21 July 2022
Colleagues and friends,
Good morning, good afternoon and good evening to all of you.
I thank all Members and Advisors of the Monkeypox Emergency Committee for making yourselves available at short notice, and despite their different time zones.
My thanks especially to the Chair, Dr Jean Marie Okwo-Bele, and the Vice-Chair, Dr Nicola Low, for coming to WHO headquarters for this meeting
I have reconvened this Emergency Committee regarding the multi-country outbreak of monkeypox because I need your advice in assessing the immediate and mid-term public health implications of the evolution of this event.
The considerations offered by the Committee during its first meeting, nearly one month ago, helped to delineate the dynamics of this outbreak.
I remain concerned about the number of cases, in an increasing number of countries, that have been reported to WHO.
More than 14,000 cases from 71 Member States across all six WHO regions have now been reported to WHO this year.
It’s pleasing to note an apparent declining trend in some countries, but others are still seeing an increase, and six countries reported their first cases last week.
As the outbreak develops, it’s important to assess the effectiveness of public health interventions in different settings, to better understand what works, and what doesn’t.
For the moment, the vast majority of cases continue to be reported among men who have sex with men.
This transmission pattern represents both an opportunity to implement targeted public health interventions, and a challenge because in some countries, the communities affected face life-threatening discrimination.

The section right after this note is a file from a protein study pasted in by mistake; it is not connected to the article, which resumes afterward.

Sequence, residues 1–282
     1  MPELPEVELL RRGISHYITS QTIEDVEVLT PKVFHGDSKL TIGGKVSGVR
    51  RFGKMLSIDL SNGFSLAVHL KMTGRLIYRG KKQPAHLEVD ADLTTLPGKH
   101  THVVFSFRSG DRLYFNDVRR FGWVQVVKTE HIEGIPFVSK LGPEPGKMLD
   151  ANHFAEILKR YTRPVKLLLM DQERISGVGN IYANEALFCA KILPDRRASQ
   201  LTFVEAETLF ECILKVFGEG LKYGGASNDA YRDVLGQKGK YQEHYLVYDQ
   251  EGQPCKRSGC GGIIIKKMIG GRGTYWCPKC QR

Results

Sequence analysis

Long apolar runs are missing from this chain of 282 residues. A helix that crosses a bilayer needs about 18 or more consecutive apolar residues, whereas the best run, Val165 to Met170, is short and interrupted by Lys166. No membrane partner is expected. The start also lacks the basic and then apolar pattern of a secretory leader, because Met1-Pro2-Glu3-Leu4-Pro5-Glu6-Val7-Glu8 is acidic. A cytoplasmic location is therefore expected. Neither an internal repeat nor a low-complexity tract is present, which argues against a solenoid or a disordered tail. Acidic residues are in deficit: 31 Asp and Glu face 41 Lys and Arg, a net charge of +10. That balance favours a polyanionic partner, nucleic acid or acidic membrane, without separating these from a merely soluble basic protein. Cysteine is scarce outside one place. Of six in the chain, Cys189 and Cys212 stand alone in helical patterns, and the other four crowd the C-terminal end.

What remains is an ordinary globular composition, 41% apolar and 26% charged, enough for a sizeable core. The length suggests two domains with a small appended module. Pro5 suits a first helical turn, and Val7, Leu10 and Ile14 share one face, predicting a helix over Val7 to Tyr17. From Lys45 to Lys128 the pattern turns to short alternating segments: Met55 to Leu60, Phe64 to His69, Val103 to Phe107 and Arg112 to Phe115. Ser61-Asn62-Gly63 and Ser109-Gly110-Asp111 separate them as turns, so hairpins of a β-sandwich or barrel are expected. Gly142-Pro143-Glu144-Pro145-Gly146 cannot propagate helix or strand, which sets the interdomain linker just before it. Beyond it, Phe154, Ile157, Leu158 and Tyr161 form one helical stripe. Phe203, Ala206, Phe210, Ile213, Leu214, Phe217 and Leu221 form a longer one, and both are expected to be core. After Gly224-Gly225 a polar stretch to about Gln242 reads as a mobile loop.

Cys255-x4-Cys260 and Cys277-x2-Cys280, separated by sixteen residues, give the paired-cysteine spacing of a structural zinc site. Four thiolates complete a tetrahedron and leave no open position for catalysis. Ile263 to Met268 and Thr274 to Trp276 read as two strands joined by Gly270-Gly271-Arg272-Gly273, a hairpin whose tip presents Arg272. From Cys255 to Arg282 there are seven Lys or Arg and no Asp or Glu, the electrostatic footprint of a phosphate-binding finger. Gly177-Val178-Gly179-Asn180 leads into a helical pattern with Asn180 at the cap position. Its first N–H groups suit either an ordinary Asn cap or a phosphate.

As many of you know from your deep engagement with these communities, there is a very real concern that men who have sex with men could be stigmatised or blamed for the outbreak, making the outbreak much harder to track, and to stop.
Working closely with affected communities in all WHO Regions will ensure the most effective approaches are in place.
As the outbreak evolves, the call for targeted and focused access to all counter measures for the most affected population has also increased.
Unfortunately, the information shared with WHO by countries in West and Central Africa is still very scant.
This inability to characterize the epidemiological situation in that region represents a substantial challenge to designing interventions for controlling this historically neglected disease.
I am acutely aware that any decision I take regarding the possible determination of a Public Health Emergency of International Concern involves the consideration of many factors, with the ultimate goal of protecting public health.
So I thank you in advance for providing me with the information and advice to inform my decision.
Thank you once again for committing your time and expertise to this very important process.
Thank you, and I wish you a very productive discussion